The property in Silver Spring, Maryland, has changed little since Rachel Carson lived there 50 years ago when she wrote “Silent Spring,” a powerful indictment of chemical pesticides that pretty much started environmentalism as we know it.
The simple ranch-style house -- designed by Carson herself -- is flanked by oak, maple and tulip poplar trees. White-tailed deer browse the yard with impunity, and catbirds mewl about a birdhouse.
“She enjoyed bringing the outdoors in,” said Diana Post, president of the Rachel Carson Council Inc., which is headquartered in the old homestead. “That’s why she had those huge windows.” The big panes are stickered with bird silhouettes to discourage avian collisions.
The unassuming, asymmetrical brick house became a National Historic Landmark in 1991 and, although none of the original furnishings remain, the house is as Carson left it when she died in 1964. Later owners of the property have respected her wish to keep much of the small plot of land untouched.
“She wanted that to remain wild for the birds and frogs that she loved,” Post said.
Today the Rachel Carson Council is a clearinghouse of information on pesticides. This year it has advised a New York City animal shelter on the least-harmful pet-care products, supplied information to a Chinese journalist who didn’t have access to reliable data, and helped a New Mexico activist organize talks on the hazards of roadside herbicides.
The council also defends Carson’s reputation, which has been attacked relentlessly by critics since before her book even saw print.
In June of 1962, The New Yorker magazine ran the first of three installments that would compose most of “Silent Spring,” published in book form by Houghton Mifflin that September. By then, President John F. Kennedy had noted the importance of “Miss Carson’s book,” and appointed a Science Advisory Committee to review the issue.
This didn’t sit well with the multibillion-dollar industry being called out by the mild-mannered lady writer. Velsicol Chemical LLC threatened to sue Houghton Mifflin for libel, hinting at the “sinister forces” (read: Commies) that must have influenced the book. In April 1963, Carson appeared on “CBS Reports” with Eric Sevareid to make her case, prompting three sponsors to yank ads from the program.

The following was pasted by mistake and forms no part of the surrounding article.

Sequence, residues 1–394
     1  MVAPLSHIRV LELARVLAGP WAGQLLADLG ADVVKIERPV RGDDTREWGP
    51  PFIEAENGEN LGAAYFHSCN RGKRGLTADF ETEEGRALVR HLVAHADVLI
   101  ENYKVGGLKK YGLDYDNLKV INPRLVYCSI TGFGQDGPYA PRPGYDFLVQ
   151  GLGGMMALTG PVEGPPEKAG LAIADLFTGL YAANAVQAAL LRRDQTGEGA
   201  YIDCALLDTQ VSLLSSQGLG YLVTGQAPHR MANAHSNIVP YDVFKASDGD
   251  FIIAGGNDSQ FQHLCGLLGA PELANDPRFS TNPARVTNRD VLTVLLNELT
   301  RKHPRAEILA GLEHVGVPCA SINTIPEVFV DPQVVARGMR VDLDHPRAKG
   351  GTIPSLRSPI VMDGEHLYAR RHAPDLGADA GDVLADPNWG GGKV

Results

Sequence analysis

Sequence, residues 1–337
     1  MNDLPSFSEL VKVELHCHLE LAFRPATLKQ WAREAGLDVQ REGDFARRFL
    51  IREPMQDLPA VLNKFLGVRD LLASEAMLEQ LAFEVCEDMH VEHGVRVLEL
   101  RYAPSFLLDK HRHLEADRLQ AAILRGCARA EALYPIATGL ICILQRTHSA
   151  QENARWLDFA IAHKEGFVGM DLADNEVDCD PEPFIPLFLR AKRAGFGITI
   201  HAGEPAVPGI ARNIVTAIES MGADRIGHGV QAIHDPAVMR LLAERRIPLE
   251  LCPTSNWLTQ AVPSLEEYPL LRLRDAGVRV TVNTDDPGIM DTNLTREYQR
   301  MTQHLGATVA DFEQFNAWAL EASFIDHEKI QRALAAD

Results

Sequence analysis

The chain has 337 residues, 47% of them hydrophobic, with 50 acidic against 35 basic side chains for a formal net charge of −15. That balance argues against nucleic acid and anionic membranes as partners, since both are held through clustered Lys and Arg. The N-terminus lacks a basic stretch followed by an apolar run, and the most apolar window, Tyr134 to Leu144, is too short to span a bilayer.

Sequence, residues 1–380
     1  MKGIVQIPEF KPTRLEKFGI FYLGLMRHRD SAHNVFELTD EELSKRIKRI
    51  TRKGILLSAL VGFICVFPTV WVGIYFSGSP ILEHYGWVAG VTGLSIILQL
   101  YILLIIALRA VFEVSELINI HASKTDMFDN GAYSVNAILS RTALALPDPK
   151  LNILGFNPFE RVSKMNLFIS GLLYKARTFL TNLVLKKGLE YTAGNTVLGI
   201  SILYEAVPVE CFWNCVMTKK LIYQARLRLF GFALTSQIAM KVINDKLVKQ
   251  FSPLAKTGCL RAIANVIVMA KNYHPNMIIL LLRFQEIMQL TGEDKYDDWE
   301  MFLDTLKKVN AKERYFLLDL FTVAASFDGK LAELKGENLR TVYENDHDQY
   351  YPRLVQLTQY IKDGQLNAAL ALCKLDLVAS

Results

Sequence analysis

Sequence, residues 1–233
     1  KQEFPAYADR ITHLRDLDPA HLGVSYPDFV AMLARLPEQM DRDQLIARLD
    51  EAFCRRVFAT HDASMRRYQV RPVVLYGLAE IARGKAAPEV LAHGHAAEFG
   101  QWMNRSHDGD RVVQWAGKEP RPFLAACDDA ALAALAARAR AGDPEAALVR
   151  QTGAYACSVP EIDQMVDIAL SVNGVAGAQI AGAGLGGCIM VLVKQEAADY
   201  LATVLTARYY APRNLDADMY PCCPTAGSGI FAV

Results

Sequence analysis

In May, Kennedy’s committee agreed with every salient point made in “Silent Spring.” Sadly, Carson didn’t have long to appreciate the vindication, as she died in 1964 of breast cancer, an illness she had kept to herself.
“In her book she wrote a lot about cancer,” Post told me. “But she didn’t want to be accused of having a vendetta because of a personal problem.”
One of the criticisms of Carson’s work is that it called for a ban on DDT, which led to millions of malarial deaths worldwide. In fact all she prescribed was prudence:
“It is not my contention that chemical insecticides must never be used,” she wrote. “I do contend that we have put poisonous and biologically potent chemicals indiscriminately into the hands of persons largely or wholly ignorant of their potentials for harm.”
To this day, DDT and other pesticides are considered only a possible human carcinogen, although there is little doubt that a correlation exists between high exposures and higher rates of cancers of all kinds.
We also know that some organic pollutants do persist, for a long time. According to the Anacostia Riverkeeper, “legacy toxics” like DDT dispersed decades ago are still found in the watershed near where Carson lived.
Fifty years on, critics haven’t gone silent. Carson has been compared to Hitler and Pol Pot on the crazier fringes of public discourse, but also unfairly roughed up by the likes of the New York Times. The libertarian Cato Institute, co-founded in 1977 by chemical merchant David Koch, is marking the anniversary of “Silent Spring” with its own contrarian publication titled “The False Crises of Rachel Carson.”
Carson anticipated such a backlash. In a 1963 speech, she said, “Above all, we must not be deceived by the enormous stream of propaganda that is issuing from the pesticide manufacturers and from industry-related -- although ostensibly independent -- organizations.”
Carson also noted that “the publication of ‘Silent Spring’ was neither the beginning nor the end” of the struggle for sane policy. Her radical suggestion for prudence is as applicable today as it was 50 years ago.
(Mike Di Paola writes on preservation and the environment for Muse, the arts and culture section of Bloomberg News. The opinions expressed are his own.)